Kerry dismisses any criticism that the administration has been soft in its handling of Assad or Putin. "People are entitled to their own opinions, not their own facts, and the bottom line is pretty simple," Kerry tells Rolling Stone. "We made it crystal clear Assad was going to be held accountable for using chemical weapons. Because President Obama threatened force, diplomacy had a chance to work, and we worked it. And what no one with any grasp of the facts can deny is that a diplomatic agreement to get those weapons out of Syria is the only way to guarantee those weapons can't be used again. So make no mistake, diplomacy backed by a threat of force is achieving something the use of force by definition couldn't do. Military strikes couldn't get the weapons out of Syria, period. Effective diplomacy is doing that today, and we need continued diplomacy to finish the job."

Seven months since that hot August afternoon, the Syrians, after fits and starts, have handed off over 500 metric tons of deadly chemicals, nearly 46 percent of their stock, and the deadline for the rest to be destroyed comes at the end of April. Which looks like a better outcome than a prolonged bombing campaign, but conventional Beltway wisdom is that Obama fumbled in August, angered the Saudis and Israelis, and "damaged American credibility," as The Wall Street Journal put it.

On the Senate floor in February, McCain stood before photographs of dead Syrian children, predicting a future president would have to "apologize" for Obama's inaction. "What haunts me even more than the horror unfolding before our eyes in Syria is the thought that we will continue to do nothing about it," McCain said.

Worst of all, by Washington insider standards, Obama theoretically diminished his own power by asking for congressional authorization. In D.C., it's an axiom that you never willingly give away any kind of power, especially executive power, and especially when it comes to military strikes.

But many of those who shared the president's reticence were the very men and women who would have been in charge of putting themselves and their people on the line: the military. In a letter to the House Foreign Affairs Committee two days before the chemical attack, Joint Chiefs Chairman Dempsey expressed grave concern over establishing a no-fly zone, warning that any military action could spiral out of control and lead to American boots on the ground. "There's a broad naiveté in the political class in foreign-policy issues," retired Lt. Gen. Gregory S. Newbold complained to The Washington Post regarding a potential strike on Syria. Beltway thinking, he said, reflects a "scary simplicity about the effects that employing American military power can achieve."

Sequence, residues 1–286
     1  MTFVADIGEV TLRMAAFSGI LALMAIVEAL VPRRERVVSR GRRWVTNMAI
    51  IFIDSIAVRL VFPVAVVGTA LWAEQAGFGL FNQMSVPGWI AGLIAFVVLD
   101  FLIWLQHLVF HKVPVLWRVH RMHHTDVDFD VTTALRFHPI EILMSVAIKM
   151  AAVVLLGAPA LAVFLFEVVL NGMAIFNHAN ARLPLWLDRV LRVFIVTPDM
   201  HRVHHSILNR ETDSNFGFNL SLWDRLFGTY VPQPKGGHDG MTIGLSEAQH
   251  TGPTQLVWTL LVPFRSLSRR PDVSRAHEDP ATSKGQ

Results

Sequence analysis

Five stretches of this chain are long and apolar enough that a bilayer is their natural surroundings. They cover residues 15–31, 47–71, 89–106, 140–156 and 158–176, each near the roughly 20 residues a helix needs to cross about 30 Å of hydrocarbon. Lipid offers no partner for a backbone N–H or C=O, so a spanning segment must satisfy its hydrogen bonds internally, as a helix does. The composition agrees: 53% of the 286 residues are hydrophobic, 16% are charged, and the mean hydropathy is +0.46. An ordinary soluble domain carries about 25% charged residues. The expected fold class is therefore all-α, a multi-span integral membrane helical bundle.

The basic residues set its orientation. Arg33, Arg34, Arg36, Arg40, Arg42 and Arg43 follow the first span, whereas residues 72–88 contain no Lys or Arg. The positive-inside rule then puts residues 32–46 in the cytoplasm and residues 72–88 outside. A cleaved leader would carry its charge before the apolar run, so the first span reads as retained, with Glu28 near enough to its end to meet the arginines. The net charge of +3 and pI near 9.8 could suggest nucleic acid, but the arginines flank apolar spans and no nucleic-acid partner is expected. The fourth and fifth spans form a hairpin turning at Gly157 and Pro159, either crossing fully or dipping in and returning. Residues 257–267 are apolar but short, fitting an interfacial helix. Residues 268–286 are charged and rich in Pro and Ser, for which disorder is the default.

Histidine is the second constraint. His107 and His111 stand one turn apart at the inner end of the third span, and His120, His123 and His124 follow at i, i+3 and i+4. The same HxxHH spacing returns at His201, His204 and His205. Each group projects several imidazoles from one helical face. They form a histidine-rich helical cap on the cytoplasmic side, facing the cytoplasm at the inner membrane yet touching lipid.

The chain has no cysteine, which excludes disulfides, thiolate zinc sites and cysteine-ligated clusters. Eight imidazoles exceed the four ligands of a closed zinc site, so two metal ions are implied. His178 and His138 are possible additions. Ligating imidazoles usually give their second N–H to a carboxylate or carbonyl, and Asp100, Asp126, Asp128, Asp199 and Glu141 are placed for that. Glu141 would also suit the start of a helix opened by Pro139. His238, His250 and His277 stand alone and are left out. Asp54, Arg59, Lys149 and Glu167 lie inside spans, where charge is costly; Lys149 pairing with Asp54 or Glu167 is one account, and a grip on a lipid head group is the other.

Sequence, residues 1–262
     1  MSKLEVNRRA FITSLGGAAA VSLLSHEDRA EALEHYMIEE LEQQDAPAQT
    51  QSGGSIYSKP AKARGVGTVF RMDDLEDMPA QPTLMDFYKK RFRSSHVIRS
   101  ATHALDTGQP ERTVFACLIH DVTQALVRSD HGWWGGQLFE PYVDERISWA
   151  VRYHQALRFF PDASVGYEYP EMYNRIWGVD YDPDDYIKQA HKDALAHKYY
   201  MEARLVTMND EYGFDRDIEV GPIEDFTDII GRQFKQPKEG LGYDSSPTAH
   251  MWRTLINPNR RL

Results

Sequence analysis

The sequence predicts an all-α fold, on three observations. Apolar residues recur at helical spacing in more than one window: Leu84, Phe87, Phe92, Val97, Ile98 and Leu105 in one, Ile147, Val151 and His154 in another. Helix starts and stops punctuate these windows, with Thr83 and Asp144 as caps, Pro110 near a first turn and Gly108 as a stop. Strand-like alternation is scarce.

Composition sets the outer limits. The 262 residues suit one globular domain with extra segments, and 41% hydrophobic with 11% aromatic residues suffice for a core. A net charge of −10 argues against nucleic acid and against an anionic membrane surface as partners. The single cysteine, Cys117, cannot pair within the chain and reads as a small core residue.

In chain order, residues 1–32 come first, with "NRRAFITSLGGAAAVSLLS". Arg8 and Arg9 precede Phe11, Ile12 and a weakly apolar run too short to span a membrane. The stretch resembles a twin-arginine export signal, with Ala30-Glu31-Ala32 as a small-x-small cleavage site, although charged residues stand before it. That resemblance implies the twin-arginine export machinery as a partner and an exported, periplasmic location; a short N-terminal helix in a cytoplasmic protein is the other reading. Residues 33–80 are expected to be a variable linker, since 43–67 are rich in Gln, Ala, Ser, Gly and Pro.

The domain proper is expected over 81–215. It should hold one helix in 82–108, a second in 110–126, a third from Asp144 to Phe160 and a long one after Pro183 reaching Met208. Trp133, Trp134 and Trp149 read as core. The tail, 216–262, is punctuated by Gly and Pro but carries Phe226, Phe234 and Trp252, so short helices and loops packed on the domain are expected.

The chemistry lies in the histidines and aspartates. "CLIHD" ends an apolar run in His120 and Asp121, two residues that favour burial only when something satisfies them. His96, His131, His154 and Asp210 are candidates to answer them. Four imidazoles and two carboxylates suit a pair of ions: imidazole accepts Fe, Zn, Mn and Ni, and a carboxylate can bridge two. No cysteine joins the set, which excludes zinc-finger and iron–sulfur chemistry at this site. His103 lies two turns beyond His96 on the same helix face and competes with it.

Syria's chemical weapons were being steadily offloaded when the Ukrainian crisis blew up in February, and all eyes turned to Putin's audacity. Now, hawks grumbled that if only Obama had backed his red line with some bombs, Putin might have hesitated at the Crimean border. But the president believes he achieved the objective of the "red line," Rhodes says, and doesn't regret using the term. "He actually said the opposite. To this day he would say, 'Look, chemical weapons are a distinct issue, and they are getting rid of them, and I have no regrets.'

"One of the worst arguments I've seen in recent days is that if we bombed Syria, through a bank shot you keep Putin from going to Crimea," Rhodes says. "That's not a reason to go to war. You don't go to war in Syria to send a message to Russia not to invade Crimea. Bush invaded Iraq and didn't keep Russia from going into Georgia."

The fact is, many who want America to attack Syria don't want to stop at removing chemical weapons – they want the U.S. to effect total regime change. "That's why you see this narrative about the U.S. disengaging from the world," says Rhodes. "That comes from a point of view that the only way to show you are engaged in the world is by using military force."

The carnage in Syria goes on, but the ongoing removal of Assad's stockpiles of chemical weapons is a quiet accomplishment without a single dead American soldier. Those who call it luck or accident, or who were disappointed at how the president defended his red line, might have predicted it by considering his Nobel Peace Prize acceptance speech. "The instruments of war do have a role to play in preserving the peace," he said in Oslo in 2009. "And yet this truth must coexist with another – that no matter how justified, war promises human tragedy. . . . War itself is never glorious, and we must never trumpet it as such."

This story is from the April 10th, 2014 issue of Rolling Stone.

From The Archives Issue 1206: April 10, 2014